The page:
Missing Masters

From Nexus Mods Wiki
Jump to: navigation, search



A "mod" is a package (archive) of related files that make some change to the "vanilla" (unmodded; as delivered by the publisher) game. Within a "mod" package can be a number of "asset files" which add to or replace the existing vanilla assets (meshes, textures, sounds, animations, XML files, etc.), and one or more "plugin files" that tell the game about the existence and use of the new assets and where they are placed in the game. The "plugin" files are the only ones that appear in the "load order", which determines the sequence in which the game engine loads them into the game from the "top" (lowest numbered) to the "bottom" (highest numbered) position in the sequence. "Plugin" files have one of two possible file extensions: ESM and ESP. There is generally only one ESM file, but there may be any number of ESP files (including none). The ESM files are loaded first, and are considered "masters" to the ESP files that depend upon them.

Official game expansions ("downloadable content", known as "DLC") typically are provided as ESM files along with other "assets". They may or may not include ESPs. DLC are usually sequenced in the order they were released but this is not mandatory unless they depend upon an earlier DLC. All DLC depend upon the game's original ESM file (i.e. "FalloutNV.ESM") so it should always be first.

(For the technical distinctions between an ESM and an ESP, see this ESP vs ESM wiki article. Remember that the capabilities of "Construction Set" tools vary by game but the concepts related to the same game engine endure.)

The Issue

A "master file" is one which must be present for another plugin to be able to utilize it's resources. The files which require some "master file" are known as "dependencies", because they "depend" upon the assets of the "master". Typically these "masters" have an ESM file extension, but this is just a general guideline. A file is technically considered an "ESM" because it has that flag enabled in the file header, which is normally not visible to the player. Thus an ESP file can have the flag enabled and be treated as if an ESM file to include loading with other ESM files at the top of your "load order". In addition, an ESP file from one mod may be required by another ESP, in which case it is also considered a "master" even though in all other respects it is "just an ESP" and may appear lower in the "load order" ... but still should be above any dependent plugins.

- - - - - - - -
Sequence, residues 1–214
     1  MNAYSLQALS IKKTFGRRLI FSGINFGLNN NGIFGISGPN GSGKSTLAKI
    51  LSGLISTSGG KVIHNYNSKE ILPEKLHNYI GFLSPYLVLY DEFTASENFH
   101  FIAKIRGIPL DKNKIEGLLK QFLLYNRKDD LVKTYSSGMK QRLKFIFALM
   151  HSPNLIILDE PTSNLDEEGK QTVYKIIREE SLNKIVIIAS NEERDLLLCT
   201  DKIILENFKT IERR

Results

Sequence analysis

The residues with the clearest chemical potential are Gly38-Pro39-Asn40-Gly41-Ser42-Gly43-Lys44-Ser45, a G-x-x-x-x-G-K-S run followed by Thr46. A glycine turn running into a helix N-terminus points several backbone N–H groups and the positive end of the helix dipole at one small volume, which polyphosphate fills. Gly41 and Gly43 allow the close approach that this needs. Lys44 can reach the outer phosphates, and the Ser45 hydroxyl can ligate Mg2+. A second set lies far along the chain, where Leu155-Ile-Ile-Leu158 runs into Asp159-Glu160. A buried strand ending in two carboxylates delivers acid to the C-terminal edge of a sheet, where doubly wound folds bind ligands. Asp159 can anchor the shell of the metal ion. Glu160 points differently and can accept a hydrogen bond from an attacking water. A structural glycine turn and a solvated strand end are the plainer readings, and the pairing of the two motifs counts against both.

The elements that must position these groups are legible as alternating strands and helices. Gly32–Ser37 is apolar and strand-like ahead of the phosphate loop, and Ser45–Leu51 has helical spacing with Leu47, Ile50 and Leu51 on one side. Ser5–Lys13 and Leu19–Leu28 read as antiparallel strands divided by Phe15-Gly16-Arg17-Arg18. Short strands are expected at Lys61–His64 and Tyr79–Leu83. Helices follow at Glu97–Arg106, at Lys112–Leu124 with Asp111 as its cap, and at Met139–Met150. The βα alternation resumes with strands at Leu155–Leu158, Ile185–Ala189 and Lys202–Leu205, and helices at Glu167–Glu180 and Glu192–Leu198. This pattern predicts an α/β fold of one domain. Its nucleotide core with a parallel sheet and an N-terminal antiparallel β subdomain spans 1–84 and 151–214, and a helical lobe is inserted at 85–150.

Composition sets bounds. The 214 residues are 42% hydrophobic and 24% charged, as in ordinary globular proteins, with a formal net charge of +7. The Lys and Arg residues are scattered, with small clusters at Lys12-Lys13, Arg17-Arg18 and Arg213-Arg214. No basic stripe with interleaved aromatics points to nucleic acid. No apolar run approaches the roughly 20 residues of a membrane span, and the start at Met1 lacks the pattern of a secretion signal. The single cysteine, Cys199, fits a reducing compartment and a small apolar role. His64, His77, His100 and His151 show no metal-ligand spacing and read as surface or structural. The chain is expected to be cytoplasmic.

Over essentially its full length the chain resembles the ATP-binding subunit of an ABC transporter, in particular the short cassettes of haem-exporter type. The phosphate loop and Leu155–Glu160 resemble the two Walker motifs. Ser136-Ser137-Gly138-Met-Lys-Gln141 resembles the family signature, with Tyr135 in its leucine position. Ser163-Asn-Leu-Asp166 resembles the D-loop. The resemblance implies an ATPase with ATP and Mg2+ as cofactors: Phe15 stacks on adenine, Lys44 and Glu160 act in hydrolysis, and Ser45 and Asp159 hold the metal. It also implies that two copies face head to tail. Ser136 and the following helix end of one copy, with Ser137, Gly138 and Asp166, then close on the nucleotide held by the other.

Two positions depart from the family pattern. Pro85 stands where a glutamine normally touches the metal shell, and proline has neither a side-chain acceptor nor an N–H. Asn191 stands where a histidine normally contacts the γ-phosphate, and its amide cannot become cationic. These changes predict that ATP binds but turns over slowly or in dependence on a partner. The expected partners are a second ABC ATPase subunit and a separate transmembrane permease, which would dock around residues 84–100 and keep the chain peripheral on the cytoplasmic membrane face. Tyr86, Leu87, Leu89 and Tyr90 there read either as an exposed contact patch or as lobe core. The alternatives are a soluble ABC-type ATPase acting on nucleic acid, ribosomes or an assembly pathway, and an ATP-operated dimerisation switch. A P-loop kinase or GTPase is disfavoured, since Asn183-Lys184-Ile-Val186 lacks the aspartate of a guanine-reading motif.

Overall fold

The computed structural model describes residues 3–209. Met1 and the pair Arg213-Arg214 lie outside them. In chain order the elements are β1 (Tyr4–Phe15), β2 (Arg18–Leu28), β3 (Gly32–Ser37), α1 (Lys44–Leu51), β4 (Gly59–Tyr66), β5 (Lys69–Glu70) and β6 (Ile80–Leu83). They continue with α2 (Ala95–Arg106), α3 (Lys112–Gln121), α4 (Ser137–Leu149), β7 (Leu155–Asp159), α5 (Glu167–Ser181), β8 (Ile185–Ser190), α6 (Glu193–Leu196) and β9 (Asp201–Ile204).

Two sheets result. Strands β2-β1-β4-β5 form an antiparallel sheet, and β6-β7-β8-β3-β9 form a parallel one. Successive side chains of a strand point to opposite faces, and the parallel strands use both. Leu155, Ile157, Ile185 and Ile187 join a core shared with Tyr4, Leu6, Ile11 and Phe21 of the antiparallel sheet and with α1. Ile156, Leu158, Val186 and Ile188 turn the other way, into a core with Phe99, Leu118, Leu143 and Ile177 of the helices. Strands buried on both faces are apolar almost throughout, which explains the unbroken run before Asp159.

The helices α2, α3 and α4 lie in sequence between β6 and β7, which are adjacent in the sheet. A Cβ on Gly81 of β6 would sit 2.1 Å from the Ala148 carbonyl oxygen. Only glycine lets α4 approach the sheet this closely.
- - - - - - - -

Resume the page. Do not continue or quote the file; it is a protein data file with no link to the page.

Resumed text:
The game engine requires that a "master" be loaded before a "dependency" or it generates an error. Usually this results in a "Crash To Desktop" (CTD). If a "master" file is missing when the game starts, this CTD can occur during or even before the "loading screens" are displayed. If you get as far as the game's main menu once it has finished "loading DLC content", you are not dealing with an actual missing file problem, but rather one that is out of proper sequence in your "load order". This will also cause the game engine to display that same error message.

In general, make sure all your ESM files are loaded first, with the game ESM (FalloutNV.ESM) as the very first file and those of the DLC next in the order they were released:

  • FalloutNV.ESM
  • DeadMoney
  • HonestHearts
  • OldWorldBlues
  • LonesomeRoad
  • GunRunnersArsenal
    and then the "pre-order packs":
  • ClassicPack
  • MercenaryPack
  • TribalPack
  • CaravanPack
Mod EMS files should follow.

"Dependency" files are supposed to include a list of their "master" files in the file header. This list can then be read in turn by tools for sorting the "load order", such as LOOT. Some plugins are "patch files" which modify other plugins. They depend upon the presence of the other plugins to effect their changes, yet may not have them as "direct masters" or otherwise included in their list of "masters". These "indirect masters" may need to be manually identified and either added to the plugin's list or that information provided to the sorting tool. (LOOT uses the "required" metadata field for this purpose only. It can find all listed masters by following the chain in the header of the file. See it's included documentation on the use of metadata.) If they are not included, the sorting tool cannot determine the proper file relationships, which leads to CTDs and plugin conflicts.